How to become a Clinical Coder

Clinical coders translate descriptions of medical diagnoses and procedures into codes, which record healthcare data.

Personal requirements of a Clinical Coder

  • able to perform precise and detailed work
  • able to concentrate for long periods of time
  • excellent problem-solving skills
  • good communication and interpersonal skills
  • able to work as part of a team
  • interested in healthcare procedures
  • willing to continually update skills and knowledge.

Duties & Tasks of a Clinical Coder

Clinical coders: • read and analyse medical records to help identify all diagnoses, operations and procedures relevant to the current period of patient care • clarify inconsistent or non-specific information in a medical record by consulting with the responsible medical practitioner • allocate codes to patients' current period of care, using knowledge of the information contained within the International Classification of Diseases, 10th Revision Australian Modification, commonly referred to as ICD-10-AM • conduct assessment of work to ensure there is continuous improvement in ICD-10-AM coding and collection of quality health data • assess the medical record content and highlight shortcomings to management • maintain ICD-10-AM coding books to make sure they are updated to the current version being used • assist with the education of clinical staff with regard to ICD-10-AM • work with computing and finance staff • ensure the patient episode is allocated to the correct Diagnosis Related Group (DRG) • assist with medical research and casemix (patient statistics) projects.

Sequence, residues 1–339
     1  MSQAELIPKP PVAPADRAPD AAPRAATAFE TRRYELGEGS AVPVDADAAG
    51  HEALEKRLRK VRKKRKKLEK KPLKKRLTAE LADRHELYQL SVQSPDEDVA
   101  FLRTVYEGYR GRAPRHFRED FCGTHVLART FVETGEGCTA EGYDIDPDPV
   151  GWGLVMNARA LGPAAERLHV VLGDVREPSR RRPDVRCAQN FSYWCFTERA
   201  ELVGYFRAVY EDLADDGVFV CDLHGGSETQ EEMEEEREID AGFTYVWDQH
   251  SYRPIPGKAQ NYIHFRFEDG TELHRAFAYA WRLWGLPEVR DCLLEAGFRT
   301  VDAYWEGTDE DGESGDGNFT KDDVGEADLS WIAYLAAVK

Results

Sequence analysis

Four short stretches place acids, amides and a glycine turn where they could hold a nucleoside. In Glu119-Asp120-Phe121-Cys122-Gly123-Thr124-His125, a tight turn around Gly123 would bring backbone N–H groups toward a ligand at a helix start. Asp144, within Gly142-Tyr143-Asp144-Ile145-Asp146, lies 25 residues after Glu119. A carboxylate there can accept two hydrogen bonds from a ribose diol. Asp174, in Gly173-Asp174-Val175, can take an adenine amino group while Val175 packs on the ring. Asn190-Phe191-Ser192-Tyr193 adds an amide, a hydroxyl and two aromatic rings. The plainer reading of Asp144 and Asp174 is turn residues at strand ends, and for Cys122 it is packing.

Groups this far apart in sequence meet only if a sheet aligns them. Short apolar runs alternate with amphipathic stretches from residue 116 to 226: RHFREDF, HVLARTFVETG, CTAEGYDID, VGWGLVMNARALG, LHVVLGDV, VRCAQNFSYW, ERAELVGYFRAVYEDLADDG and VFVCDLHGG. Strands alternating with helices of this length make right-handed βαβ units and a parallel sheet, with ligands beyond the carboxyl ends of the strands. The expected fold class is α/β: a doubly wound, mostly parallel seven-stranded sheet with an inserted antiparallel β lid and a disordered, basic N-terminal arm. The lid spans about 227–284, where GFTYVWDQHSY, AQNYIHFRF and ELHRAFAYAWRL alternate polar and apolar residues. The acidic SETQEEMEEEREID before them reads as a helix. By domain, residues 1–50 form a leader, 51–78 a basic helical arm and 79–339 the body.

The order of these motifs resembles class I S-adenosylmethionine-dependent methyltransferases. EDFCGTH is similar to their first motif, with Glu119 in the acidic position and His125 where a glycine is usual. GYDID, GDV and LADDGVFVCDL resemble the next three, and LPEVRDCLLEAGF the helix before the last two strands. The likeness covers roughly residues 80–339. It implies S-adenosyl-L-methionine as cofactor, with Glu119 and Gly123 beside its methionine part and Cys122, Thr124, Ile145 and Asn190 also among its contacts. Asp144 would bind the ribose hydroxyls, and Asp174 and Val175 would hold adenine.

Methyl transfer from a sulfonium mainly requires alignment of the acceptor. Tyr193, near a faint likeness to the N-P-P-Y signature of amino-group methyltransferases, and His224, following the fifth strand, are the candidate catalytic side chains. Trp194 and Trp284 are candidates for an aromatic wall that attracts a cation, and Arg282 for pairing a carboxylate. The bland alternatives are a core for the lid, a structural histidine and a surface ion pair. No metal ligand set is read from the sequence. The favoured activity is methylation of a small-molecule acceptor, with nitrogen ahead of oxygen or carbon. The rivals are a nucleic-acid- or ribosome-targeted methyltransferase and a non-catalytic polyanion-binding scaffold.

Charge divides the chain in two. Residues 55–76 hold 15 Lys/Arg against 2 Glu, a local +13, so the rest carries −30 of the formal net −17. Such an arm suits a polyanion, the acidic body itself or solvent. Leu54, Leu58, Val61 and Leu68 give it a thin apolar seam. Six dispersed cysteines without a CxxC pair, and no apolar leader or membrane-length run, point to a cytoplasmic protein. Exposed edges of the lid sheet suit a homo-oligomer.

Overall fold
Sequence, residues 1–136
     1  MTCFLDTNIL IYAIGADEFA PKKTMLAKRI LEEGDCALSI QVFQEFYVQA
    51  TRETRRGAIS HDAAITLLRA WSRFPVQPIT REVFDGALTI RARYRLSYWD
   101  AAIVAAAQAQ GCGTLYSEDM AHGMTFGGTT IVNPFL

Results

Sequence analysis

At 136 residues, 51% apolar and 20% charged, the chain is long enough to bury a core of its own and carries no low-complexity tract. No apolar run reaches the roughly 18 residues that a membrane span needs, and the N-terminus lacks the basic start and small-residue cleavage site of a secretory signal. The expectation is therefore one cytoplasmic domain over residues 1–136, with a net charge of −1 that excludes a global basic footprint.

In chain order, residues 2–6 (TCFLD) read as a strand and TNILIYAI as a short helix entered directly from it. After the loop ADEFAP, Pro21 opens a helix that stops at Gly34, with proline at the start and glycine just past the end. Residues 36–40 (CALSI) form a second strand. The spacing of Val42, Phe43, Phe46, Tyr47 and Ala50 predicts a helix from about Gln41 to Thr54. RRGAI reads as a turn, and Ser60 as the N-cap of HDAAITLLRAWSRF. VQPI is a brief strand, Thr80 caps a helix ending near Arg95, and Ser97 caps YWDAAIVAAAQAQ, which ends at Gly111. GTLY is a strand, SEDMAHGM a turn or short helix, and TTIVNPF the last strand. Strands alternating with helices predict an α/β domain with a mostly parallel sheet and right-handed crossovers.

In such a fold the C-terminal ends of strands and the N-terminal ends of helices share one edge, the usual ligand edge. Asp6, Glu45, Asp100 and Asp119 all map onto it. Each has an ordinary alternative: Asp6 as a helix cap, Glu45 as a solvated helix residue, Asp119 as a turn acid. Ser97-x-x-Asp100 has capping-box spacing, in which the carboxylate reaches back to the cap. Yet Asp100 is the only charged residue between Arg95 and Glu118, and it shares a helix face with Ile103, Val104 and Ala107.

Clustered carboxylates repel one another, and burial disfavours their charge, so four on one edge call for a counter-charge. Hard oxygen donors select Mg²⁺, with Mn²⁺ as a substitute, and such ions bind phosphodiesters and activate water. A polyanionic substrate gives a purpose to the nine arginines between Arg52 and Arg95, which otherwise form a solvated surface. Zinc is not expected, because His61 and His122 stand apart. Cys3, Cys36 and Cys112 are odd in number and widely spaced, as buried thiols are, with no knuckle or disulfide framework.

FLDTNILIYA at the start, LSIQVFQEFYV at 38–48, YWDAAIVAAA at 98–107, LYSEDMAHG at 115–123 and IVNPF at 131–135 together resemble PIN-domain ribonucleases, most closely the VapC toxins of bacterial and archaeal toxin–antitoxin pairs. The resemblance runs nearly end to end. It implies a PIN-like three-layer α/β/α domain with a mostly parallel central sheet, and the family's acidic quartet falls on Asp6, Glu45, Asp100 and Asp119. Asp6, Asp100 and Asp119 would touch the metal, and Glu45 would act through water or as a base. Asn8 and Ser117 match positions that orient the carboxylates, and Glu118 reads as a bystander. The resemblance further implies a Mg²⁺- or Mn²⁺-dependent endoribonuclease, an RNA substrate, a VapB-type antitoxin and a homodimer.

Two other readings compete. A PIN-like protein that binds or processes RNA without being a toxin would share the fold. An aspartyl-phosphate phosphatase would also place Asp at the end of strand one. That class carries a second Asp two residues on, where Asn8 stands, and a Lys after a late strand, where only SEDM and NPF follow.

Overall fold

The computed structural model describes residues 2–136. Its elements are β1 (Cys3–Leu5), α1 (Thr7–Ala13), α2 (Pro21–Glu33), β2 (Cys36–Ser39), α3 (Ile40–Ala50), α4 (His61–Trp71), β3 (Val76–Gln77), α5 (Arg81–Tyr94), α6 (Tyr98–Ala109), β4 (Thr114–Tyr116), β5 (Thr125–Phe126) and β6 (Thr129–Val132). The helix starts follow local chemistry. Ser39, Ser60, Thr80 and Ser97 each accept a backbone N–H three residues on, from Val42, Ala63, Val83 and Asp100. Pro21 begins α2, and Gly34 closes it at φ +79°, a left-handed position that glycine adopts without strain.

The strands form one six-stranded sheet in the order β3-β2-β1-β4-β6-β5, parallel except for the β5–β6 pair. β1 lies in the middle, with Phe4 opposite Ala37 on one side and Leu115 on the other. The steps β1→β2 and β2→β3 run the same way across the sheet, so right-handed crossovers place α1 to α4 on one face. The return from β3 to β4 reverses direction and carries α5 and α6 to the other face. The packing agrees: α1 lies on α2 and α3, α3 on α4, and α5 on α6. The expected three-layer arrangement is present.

Working conditions for a Clinical Coder

Clinical coders work closely with medical staff who are responsible for recording the information required for coding medical data within patients' medical records.

Avg. weekly wage:

$1,105

Future growth:

Moderate

Employment by state:

ACT ACT 2.2%

NSW NSW 42.8%

NT NT 0.8%

QLD QLD 16.4%

SA SA 3.1%

TAS TAS 1.4%

VIC VIC 26.6%

WA WA 6.7%

Hours worked:

36.6

Unemployment:

Higher unemployment

Gender split:

Male 40.1%

Female 59.9%

Education level:

Not completed Year 12: 6.3%

Highest qualification is secondary school: 28.1%

Highest qualification is a Certificate 3 or 4: 8.3%

Highest qualification is a Diploma or Advanced Diploma: 20.8%

Highest qualification is a Bachelor degree: 27.1%

Highest qualification is a Postgraduate Diploma or Graduate Certificate: 9.4%

Age brackets:

15-19 - 1.5%

20-24 - 13.4%

25-34 - 19.4%

35-44 - 16.5%

45-54 - 19%

55-59 - 10.2%

60-64 - 8.2%

65 and Over - 11.7%

*The data above is sourced from the Department of Employment’s Job Outlook website.

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